Routine Comes Naturally: Children with ASD naturally tend to like repetitive actions. You often will notice them creating repetition themselves. Routine comes naturally to them, and it’s not hard for them to learn a productive routine in the place of an unproductive one.

Stress Relief: Routine is known to relieve stress in almost all individuals. The child with ASD has a particularly stressful life as he or she tries to make sense of his or her surroundings. Adding routine will relieve the child’s stress to some degree.

Routine Adds to the Learning Potential: Once you can relieve the child’s stress, then it’s much easier to help the child learn new things, new habits, new skills, and new accomplishments. Routine is a powerful learning tool in the ASD environment.

Routine For Individuals with autism Isn’t All Bad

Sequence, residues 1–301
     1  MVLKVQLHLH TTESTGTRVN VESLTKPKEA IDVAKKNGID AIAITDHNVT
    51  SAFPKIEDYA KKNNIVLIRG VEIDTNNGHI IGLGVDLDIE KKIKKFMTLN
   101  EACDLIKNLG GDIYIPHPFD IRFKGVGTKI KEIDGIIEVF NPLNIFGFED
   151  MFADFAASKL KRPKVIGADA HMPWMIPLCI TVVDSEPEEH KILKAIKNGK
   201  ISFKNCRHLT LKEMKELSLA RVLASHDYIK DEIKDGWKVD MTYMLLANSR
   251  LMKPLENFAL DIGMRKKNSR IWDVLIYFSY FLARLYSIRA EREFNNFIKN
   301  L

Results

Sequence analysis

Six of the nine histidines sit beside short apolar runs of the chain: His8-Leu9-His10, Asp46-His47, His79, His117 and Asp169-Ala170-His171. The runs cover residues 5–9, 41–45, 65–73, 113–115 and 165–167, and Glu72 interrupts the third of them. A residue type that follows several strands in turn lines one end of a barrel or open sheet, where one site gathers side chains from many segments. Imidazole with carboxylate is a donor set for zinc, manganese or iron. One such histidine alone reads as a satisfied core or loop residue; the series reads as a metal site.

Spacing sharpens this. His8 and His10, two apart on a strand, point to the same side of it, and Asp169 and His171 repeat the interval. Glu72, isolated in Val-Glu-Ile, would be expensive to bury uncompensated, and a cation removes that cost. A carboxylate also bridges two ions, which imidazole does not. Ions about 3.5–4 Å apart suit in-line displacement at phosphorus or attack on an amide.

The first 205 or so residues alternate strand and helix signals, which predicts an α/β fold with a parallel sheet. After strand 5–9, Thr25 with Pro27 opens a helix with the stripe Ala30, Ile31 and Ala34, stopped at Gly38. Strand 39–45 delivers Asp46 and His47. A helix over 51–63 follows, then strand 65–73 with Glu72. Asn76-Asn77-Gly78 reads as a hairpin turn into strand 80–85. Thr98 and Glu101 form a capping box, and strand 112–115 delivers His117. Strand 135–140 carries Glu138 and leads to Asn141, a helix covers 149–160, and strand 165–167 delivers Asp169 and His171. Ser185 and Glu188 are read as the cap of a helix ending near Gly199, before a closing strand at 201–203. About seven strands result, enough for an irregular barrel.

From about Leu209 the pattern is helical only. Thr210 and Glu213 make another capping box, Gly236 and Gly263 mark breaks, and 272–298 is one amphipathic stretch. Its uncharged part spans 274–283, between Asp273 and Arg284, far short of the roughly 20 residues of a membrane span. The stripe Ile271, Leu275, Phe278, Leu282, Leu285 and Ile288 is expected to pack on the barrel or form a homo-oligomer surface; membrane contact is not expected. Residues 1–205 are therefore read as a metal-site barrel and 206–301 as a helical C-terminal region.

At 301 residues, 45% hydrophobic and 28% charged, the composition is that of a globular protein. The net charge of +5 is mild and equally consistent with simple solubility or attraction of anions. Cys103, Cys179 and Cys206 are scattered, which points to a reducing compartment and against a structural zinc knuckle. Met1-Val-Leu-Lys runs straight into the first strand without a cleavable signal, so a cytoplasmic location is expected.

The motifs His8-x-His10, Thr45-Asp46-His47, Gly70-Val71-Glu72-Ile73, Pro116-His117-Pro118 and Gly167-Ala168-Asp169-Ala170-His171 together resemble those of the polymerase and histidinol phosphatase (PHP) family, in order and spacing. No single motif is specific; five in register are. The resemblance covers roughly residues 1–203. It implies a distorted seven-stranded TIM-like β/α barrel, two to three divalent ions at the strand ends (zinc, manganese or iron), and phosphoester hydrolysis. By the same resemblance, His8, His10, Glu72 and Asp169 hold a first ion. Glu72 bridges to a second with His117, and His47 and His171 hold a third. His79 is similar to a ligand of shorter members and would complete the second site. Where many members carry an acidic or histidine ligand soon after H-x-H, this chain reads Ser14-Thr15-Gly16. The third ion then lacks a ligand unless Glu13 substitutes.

Routine is actually a powerful force in helping children with autism deal with their anxiety, and uncertainty that ordinarily confronts them in daily life.

It’s well understood that children and adults with ASD turn to routine, sameness, and even seemingly obsessive repetitive behaviors as a way to comfort themselves and to bring calm and self regulation to an otherwise anxious mind.

Many routines and rituals are harmless and are necessary for our day-to-day living. Normal routines and rituals, such as washing, tooth brushing, and bedtime rituals, are essential. Some others can take the form of lining up objects, hand washing, or switching lights on and off, which eventually can become an obsession because the child feels compelled and secured in completing these routines. Performing these tasks at a set time every time is beneficial to young children as it provides a level of predictability and security.